He is at it again. Harvey Norman wades into the murky world of carbon tax claiming it will knock consumer confidence – and ultimately his bottom line.Harvey has joined a slew of big business names in their call on Julia Gillard to halt the tax her government is so bent on introducing, for now.
Business figures, Harvey included, want a delay until July 1st of next year and are calling for bigger compensation, in a submission from over 20 big name Australian businesses made to government’s climate change committee.
“As long as you’re up there making headlines with another tax, of course its going to affect consumer confidence,” Gerry Harvey said yesterday.
However, Climate Change Minister Greg Combet has insisted all proceeds raised form the tax will go back to the consumer.
“The government has committed to use every dollar raised by a carbon price paid by big polluting businesses to help people with any price impacts,” he stated in the media earlier this month.
The business heads also want a top up of the levels of compensation set by Kevin Rudd back in 2009, according to The Australian.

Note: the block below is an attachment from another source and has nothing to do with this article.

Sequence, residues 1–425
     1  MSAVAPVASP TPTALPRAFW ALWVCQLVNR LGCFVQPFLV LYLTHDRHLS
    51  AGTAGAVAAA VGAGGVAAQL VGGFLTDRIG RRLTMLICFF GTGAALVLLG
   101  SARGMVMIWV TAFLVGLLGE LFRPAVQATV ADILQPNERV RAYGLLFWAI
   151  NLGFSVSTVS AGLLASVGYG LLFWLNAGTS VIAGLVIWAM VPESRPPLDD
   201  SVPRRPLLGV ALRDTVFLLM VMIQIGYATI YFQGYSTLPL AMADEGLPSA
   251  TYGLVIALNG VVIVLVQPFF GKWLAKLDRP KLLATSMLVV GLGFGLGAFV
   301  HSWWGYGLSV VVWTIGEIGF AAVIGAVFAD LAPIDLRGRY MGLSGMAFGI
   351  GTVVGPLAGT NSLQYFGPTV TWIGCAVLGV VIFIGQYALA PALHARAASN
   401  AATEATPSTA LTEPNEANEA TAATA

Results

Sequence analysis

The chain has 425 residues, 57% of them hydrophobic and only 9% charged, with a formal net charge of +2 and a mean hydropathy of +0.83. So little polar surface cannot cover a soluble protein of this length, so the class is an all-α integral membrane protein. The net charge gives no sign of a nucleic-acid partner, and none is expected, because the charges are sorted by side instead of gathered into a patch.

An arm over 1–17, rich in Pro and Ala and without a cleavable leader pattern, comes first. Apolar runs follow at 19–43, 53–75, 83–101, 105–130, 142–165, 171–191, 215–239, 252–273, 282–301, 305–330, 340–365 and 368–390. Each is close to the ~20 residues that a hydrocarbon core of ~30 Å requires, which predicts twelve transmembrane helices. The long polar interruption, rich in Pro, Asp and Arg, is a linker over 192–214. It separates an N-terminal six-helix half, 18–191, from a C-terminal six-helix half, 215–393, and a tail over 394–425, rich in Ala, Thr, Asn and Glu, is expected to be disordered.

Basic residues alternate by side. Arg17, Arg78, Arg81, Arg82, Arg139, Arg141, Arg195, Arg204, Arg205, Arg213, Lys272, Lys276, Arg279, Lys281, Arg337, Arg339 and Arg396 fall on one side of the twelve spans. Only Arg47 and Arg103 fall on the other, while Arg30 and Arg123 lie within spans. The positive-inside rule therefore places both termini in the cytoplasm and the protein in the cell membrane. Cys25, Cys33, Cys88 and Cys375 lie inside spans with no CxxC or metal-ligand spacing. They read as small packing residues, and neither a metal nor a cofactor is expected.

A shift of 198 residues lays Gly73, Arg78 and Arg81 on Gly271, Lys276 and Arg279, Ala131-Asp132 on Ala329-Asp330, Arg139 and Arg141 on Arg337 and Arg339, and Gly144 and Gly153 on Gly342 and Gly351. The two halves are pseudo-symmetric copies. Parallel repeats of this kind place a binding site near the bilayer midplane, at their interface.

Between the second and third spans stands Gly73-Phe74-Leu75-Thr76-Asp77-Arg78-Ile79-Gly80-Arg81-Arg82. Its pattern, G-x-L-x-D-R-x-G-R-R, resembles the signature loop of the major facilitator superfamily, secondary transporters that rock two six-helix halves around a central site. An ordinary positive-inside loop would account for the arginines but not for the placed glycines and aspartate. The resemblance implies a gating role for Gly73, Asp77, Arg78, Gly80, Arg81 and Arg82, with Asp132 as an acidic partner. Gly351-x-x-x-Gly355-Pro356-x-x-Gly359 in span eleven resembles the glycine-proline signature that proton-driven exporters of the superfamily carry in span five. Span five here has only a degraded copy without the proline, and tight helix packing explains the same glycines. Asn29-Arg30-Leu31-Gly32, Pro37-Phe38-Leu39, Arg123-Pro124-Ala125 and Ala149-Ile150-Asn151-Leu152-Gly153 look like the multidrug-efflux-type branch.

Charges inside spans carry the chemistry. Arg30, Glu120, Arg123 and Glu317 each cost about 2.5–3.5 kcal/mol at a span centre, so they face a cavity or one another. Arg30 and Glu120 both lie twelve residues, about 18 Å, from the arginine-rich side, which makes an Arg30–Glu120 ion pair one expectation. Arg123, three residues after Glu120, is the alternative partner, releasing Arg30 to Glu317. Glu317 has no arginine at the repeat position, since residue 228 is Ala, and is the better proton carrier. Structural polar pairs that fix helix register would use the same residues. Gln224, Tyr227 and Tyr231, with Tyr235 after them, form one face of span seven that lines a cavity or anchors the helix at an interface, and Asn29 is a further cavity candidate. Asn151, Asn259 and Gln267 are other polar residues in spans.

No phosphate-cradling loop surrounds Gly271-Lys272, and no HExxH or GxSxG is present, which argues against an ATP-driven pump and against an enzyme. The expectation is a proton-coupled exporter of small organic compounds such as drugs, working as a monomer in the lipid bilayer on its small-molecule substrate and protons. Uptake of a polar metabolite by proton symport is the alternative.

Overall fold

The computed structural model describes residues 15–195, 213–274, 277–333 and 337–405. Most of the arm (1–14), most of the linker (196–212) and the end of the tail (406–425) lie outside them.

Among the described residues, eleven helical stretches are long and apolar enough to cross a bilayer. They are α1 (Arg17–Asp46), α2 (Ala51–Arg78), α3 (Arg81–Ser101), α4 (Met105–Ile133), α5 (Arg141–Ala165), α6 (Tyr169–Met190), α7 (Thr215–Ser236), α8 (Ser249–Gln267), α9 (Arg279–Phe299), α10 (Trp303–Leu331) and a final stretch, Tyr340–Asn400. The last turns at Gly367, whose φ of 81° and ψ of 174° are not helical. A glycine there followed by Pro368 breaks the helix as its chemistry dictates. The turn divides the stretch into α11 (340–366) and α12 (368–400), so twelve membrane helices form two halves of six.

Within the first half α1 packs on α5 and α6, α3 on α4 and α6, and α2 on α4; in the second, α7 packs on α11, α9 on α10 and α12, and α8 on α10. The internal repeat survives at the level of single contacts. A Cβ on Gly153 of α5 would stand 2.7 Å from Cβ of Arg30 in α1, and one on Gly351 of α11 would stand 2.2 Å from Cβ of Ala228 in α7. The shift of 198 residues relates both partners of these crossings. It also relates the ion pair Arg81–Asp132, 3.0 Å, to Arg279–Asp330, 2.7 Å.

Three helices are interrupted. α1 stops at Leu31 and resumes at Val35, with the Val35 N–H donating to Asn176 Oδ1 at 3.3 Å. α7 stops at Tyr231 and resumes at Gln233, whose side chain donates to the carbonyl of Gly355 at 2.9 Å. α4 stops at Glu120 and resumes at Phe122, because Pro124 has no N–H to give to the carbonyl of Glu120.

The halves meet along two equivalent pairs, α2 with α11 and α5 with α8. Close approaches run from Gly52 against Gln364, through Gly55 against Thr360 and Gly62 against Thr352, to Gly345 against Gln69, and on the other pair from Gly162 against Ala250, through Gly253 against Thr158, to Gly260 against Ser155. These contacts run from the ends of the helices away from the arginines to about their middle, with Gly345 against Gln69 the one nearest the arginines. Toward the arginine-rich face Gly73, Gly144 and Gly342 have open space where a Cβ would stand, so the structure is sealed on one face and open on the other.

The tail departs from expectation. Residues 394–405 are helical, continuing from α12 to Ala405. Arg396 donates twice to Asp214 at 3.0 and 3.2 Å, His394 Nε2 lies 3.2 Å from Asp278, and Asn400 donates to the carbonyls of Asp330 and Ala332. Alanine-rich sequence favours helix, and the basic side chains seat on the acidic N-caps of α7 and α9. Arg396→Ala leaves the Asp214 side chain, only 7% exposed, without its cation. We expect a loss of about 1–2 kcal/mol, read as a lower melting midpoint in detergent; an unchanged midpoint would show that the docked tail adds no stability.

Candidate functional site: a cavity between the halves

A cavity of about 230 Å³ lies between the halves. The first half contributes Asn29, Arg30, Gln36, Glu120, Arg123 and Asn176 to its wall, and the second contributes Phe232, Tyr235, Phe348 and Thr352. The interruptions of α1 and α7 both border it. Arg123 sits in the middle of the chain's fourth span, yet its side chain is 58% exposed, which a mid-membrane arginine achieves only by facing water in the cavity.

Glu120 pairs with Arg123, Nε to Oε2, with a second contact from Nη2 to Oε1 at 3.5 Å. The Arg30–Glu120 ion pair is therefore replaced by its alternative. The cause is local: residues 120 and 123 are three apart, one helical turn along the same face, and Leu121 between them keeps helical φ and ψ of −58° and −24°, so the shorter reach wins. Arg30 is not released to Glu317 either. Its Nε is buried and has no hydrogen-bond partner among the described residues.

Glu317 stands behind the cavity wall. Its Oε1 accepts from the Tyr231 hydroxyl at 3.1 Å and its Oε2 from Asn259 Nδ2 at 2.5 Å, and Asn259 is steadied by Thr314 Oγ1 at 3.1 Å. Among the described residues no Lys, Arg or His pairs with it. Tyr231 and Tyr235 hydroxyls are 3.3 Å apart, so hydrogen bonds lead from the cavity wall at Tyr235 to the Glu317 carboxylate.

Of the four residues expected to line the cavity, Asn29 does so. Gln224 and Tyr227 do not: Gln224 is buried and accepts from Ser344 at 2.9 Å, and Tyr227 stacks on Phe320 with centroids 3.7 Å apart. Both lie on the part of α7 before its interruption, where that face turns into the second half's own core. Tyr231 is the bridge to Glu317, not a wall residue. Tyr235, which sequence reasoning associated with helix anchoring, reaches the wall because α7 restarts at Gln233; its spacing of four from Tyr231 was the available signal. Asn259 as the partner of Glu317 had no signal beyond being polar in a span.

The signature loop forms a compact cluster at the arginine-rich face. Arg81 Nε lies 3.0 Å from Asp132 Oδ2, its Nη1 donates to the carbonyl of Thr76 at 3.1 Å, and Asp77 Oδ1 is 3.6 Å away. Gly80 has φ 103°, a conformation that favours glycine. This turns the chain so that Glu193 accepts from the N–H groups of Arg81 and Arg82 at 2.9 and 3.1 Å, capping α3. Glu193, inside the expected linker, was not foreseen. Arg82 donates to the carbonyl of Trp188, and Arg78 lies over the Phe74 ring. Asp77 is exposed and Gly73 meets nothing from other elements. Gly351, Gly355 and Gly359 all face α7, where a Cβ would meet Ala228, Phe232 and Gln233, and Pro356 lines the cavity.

However, this is one fight that is bound to get messy. Opposition leader, Tony Abbott, has already gone on the offensive, campaigning in Gillard home ground of Melbourne against the introduction of the tax, the precise details of which have yet to be agreed.
This isn’t the first time Harvey has aired his views over Canberra’s tax regime, or lack of it.
Last year, he joined a band of retailers including Myer and David Jones calling for the introduction of a 10 percent GST tax to be levied on goods bought from international retailers online.
However, Harvey was forced to go mute after he received a backlash from annoyed consumers.
”Because of my profile, I then get all these threats and people hone in on me,” he said at the time.